Why it's dangerous to be obsessed with share prices
Some time ago, a Finance Director of a small company decided he wanted to invest some cash in his company. There is nothing notable or unusual about this. Directors buy and sell shares in the companies they work for every day.
So the director bought 12,297 shares for R9,960.57. In doing so, he pushed the quoted price of the shares up from 81c to 89c. This small company had a market cap of R172 million before this transaction. Two days later, its market cap was sitting at R190 million.
You can see what has happened here. A share trade worth no more than R10,000 was enough to boost the company's value by R18 million! It sounds incredible and, to make it even stranger this trade didn't signal in any way that the company was worth more or less than it was the week before!
Don’t read too much into the day to day share price
What did private investors in this company think when they saw the share price rise by nearly 10% after a director bought shares?
I’ll bet many of them assumed that something was going on at this company and they should buy in... Maybe something important was about to happen; maybe a big contract had been won; maybe the company’s profits were going to outperform expectations.
Some investors will have experienced a sense of panic to buy shares. They’ll have feared missing out of this opportunity and would have tried buying shares at all cost.
In this ensuing panic, the share price shot up to 100c from 89c as investors bought this illiquid penny share…
But a week later, the share was trading back at 83c… Excited investors that bought in at 100c took a 17% knock as the share merely corrected!
You see, buying just because they thought there was an opportunity was the wrong thing to do. Yet many investors take their cue from the movement of a share price. I don’t!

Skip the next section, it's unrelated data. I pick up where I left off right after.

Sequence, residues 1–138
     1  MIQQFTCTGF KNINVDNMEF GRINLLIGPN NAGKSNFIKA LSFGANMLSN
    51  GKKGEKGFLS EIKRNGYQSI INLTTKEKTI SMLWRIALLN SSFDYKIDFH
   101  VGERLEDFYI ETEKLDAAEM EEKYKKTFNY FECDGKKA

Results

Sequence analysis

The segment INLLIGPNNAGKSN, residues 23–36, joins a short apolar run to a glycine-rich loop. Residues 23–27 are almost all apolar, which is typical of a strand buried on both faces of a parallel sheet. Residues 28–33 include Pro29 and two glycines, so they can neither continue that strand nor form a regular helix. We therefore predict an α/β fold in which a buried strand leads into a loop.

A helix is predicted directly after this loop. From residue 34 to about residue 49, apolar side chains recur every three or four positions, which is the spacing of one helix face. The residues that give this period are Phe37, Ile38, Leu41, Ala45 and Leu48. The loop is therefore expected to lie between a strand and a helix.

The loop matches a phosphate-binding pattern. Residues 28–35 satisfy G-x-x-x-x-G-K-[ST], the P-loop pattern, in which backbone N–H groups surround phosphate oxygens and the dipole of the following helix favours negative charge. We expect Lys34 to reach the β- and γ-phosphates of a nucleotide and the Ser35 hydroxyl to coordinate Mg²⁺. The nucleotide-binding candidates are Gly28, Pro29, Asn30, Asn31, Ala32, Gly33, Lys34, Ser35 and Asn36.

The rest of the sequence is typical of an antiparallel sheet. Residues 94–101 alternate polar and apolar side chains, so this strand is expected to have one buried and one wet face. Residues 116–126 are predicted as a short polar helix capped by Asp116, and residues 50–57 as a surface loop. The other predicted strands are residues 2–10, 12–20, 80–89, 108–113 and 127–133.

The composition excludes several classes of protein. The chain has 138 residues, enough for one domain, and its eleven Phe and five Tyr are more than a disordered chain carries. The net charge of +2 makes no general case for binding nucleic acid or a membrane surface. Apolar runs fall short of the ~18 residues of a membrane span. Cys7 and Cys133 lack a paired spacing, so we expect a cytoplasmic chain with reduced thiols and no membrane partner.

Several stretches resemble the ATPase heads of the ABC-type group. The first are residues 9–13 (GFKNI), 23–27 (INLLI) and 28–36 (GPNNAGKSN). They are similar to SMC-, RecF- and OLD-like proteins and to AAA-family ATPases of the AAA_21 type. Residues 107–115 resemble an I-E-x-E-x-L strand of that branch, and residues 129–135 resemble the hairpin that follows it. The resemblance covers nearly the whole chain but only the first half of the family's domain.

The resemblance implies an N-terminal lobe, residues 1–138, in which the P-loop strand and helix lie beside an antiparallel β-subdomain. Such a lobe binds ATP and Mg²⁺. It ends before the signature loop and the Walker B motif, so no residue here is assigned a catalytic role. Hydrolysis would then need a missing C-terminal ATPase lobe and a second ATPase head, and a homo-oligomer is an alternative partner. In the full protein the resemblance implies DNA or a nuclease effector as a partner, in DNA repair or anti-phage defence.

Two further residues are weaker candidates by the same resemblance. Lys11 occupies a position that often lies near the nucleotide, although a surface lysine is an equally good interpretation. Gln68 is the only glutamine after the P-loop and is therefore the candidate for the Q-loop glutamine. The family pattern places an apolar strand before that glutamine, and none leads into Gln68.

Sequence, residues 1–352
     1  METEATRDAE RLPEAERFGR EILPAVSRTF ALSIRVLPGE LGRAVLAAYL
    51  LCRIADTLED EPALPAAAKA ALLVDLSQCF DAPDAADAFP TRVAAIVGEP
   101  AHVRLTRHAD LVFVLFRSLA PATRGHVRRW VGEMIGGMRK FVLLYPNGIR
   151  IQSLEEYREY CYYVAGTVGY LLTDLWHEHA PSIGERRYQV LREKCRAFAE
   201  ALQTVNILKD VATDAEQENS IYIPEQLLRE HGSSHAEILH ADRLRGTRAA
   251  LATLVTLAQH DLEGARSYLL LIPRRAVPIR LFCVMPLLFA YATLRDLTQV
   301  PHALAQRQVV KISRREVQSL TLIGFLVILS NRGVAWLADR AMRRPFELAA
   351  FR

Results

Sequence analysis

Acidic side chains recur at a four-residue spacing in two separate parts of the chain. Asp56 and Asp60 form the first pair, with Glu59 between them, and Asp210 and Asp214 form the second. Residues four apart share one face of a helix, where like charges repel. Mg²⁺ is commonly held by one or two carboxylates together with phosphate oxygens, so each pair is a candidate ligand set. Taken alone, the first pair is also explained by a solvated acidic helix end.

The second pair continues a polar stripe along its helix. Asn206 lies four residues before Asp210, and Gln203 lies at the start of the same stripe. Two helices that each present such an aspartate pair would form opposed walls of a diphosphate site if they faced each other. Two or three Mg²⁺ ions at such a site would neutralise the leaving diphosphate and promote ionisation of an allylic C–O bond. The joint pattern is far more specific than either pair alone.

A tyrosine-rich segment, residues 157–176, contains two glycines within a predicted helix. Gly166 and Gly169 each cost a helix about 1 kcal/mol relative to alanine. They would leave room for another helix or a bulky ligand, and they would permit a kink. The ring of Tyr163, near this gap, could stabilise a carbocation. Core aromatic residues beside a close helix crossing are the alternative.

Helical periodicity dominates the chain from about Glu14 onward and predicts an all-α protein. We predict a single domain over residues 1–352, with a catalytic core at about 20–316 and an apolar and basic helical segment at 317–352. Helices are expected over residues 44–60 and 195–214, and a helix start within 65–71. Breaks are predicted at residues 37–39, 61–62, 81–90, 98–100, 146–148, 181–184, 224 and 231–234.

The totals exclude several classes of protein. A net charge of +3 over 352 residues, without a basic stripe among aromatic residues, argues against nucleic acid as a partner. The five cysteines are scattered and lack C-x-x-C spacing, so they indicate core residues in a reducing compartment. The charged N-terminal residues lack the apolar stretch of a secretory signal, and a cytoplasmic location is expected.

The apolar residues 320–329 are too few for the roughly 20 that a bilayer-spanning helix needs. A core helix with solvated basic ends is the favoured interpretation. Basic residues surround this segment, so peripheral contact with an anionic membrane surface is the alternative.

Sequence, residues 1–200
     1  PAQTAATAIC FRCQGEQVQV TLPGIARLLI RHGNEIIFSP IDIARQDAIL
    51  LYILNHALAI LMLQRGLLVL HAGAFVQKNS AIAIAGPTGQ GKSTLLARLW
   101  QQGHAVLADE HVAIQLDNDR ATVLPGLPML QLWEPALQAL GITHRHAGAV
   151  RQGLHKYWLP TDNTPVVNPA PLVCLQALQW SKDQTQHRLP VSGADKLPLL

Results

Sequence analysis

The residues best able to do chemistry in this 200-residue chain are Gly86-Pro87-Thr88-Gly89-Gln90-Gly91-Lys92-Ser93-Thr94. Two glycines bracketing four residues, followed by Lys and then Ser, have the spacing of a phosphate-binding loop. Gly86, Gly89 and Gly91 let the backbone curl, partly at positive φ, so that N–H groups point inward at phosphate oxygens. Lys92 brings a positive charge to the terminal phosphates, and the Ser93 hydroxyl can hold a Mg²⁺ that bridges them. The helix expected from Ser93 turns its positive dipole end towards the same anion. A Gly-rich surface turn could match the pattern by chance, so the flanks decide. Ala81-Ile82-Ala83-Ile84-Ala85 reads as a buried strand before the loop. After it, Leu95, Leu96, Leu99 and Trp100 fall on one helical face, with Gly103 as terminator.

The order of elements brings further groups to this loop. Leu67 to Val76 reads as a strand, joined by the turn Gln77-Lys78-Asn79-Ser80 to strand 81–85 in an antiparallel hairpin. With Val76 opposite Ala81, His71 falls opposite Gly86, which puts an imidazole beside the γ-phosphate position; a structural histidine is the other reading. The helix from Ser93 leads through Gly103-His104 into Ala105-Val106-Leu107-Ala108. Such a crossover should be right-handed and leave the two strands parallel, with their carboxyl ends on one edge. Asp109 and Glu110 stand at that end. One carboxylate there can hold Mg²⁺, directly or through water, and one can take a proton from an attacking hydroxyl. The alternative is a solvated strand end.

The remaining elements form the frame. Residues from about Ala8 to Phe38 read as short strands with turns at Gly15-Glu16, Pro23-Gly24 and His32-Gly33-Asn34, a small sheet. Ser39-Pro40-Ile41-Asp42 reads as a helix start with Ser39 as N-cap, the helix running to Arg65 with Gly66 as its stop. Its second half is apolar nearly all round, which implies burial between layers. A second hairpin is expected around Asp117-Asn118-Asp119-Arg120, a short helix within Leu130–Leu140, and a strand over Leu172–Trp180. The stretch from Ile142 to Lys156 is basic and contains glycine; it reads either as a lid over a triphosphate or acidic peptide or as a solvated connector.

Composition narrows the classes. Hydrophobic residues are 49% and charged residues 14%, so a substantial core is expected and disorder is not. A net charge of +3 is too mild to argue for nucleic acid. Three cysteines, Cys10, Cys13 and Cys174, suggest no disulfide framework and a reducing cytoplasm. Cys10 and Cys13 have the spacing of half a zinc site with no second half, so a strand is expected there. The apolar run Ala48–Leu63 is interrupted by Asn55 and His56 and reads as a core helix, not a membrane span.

I use my PowA! Penny Share selection system to determine whether a company is performing as it should be and, to an extent, whether the economic climate that it faces has taken a significant turn. Although some investors pore over charts and watch every tick of a share price on their computers, these price signals can be very misleading.
You see, a director could decide to buy a boat and finance it by selling some shares. A fund manager finds that his clients are withdrawing money from his fund, forcing him to sell his favourite shares. Another fund manager decides to shift money into small companies and out of bonds, pushing the share price up.
In all cases, circumstances have dictated a purchase or sale of shares, and in the case of penny shares this can knock or boost the share price temporarily without telling us anything at all about the progress of the business.
That’s why it’s so important to look at the bigger picture. You have to know that there’s liquidity in a share. Before buying or selling you should know whether there’s enough liquidity at the price you’re targeting. And most importantly, you must know that the shares you are buying are undervalued, and the ones you are selling do not present enough value any more.
Remember: Don’t read too much from a day to day share price, up or down. Rather look at the bigger picture and you’ll always find value!